62114_howardtim_isi_usmntpm061614212 Perry McIntyre/isiphotos.com
He's No. 1

The Underappreciated Genius of Tim Howard

The United States national team goalkeeper is one of the best in the world, yet somehow he manages to fly under the radar. Have we just gotten too used to seeing greatness in the American net?
BY Noah Davis Posted
June 21, 2014
9:18 AM
RECIFE, Brazil—Every two months, a panel of United States soccer experts and yours truly ranks who we think are the 100 best American soccer players. Since we started, either Clint Dempsey or Michael Bradley have held the top spot every time.

You know who should be there? Tim Howard.

"[He's] one of the best five goalkeepers in the world," Jurgen Klinsmann said in 2012, a statement that was more or less true then and is more or less true now.

Would you say the same thing about Bradley or Dempsey? Of course not. This isn't a slight against either of them, both fantastic in their own way, but more to point out what the U.S. has in its stalwart netminder. Howard, a fixture in the American net since 2007, is the best player in relation to the rest of the world hands down. Or, perhaps, hands up, making yet another sprawling, diving save.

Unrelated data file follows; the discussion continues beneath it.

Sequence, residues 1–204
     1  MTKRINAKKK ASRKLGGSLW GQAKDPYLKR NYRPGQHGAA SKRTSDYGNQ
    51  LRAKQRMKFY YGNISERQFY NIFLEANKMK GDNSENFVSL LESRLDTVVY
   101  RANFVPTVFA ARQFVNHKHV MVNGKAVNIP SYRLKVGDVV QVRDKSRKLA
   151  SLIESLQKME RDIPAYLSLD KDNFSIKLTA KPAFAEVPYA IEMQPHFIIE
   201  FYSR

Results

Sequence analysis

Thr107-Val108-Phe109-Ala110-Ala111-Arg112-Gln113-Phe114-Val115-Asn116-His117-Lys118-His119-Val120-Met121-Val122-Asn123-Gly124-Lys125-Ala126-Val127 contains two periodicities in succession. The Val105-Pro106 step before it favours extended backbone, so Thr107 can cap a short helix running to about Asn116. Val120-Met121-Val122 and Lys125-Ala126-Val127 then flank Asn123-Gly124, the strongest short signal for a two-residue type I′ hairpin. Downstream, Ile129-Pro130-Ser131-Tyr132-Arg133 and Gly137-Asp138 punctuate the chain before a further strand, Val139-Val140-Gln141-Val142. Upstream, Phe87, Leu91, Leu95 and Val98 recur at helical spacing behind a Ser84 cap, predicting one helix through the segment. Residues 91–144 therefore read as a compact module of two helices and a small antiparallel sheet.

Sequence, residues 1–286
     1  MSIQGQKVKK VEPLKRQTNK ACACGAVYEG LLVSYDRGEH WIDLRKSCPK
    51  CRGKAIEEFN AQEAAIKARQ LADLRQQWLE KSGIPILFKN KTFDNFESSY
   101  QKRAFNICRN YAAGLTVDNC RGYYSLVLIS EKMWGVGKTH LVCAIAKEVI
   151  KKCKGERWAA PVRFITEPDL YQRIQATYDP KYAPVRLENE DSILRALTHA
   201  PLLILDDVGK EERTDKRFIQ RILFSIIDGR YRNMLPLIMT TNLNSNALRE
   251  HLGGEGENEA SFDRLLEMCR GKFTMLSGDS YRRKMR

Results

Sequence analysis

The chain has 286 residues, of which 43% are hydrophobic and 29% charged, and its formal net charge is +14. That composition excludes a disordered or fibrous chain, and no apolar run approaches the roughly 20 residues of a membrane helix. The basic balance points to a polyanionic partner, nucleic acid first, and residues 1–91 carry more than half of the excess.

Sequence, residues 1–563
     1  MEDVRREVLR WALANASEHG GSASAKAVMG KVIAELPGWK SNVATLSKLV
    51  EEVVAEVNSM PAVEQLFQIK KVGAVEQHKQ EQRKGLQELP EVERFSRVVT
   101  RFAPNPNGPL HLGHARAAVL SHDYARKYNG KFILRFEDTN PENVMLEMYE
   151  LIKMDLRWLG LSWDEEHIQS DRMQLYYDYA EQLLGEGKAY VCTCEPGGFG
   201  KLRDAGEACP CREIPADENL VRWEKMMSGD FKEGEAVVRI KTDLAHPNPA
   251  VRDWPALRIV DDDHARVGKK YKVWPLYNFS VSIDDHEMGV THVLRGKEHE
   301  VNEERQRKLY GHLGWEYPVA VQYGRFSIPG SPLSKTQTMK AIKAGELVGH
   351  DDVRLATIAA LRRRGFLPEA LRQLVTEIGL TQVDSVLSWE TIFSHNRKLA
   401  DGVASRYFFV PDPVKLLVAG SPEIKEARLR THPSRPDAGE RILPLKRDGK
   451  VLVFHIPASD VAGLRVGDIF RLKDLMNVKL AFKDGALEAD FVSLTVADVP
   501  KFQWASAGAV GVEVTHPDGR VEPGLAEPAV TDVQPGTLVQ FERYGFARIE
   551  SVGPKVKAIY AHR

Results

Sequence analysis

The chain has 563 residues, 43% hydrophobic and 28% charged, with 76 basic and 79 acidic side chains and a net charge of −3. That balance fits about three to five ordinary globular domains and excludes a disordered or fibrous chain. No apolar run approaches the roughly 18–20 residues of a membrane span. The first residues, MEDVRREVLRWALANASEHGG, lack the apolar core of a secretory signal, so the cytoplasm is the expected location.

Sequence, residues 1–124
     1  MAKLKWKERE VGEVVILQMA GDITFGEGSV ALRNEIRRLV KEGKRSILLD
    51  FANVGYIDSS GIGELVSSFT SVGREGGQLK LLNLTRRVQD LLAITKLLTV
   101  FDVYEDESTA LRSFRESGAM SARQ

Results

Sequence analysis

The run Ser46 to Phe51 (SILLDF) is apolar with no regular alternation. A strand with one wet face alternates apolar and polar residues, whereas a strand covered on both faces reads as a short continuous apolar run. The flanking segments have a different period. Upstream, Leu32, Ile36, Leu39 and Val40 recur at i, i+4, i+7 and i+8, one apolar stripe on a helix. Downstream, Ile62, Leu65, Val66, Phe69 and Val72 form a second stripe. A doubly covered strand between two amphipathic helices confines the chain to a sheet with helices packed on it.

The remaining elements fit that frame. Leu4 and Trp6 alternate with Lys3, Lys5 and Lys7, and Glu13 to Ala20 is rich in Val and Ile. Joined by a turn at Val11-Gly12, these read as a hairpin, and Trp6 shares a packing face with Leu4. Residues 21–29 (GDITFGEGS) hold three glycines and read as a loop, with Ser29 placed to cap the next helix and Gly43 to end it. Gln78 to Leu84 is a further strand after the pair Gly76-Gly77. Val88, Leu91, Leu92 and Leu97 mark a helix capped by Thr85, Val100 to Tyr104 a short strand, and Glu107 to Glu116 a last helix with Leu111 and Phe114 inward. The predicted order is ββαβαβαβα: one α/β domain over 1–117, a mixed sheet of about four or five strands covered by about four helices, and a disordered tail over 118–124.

When you have a safety blanket for so long, it becomes part of you. You forget it's there, an ever-present comfort that becomes part of your daily life. Howard is that blanket. (Bradley is too, which is why his poor performance against Ghana was such a surprise, but that's another story entirely.) Howard tripped up a bit during the middle part of the U.S. qualifying campaign, letting in a couple soft goals and looking vulnerable, but has been brilliant over the past nine months. He posted another stellar season at Everton, helping the underfunded, outgunned team compete for a Europa League spot, and his rejuvenated game translated to his performances while wearing the Stars and Stripes.

This World Cup might be his best show, not so much in between the pipes but as an on-field leader. The inexperience of a backline that hadn't played together forced him to become more vocal and lead from the back. While he has always been a leader on the squad, seeming to genuinely enjoy the back and forth with the press, Howard is vital in keeping the organization of the defense and the midfield. You can see him excoriate defenders for mistakes, encourage them after good plays, and generally keep the talk up and the heads in the match at hand. Then, of course, he's always there to make a save.

On Sunday, Howard will almost certainly earn his 102nd cap, moving him into a tie with Kasey Keller for 11th place all-time on the U.S. list. He'll get at least one more, 103, when the Americans line up against Germany on Thursday. The U.S. might reach the knockout stage and it might not, but Howard won't flinch in net.

And when it's time for the August 2014 ASN 100, I know who my new No. 1 will be.

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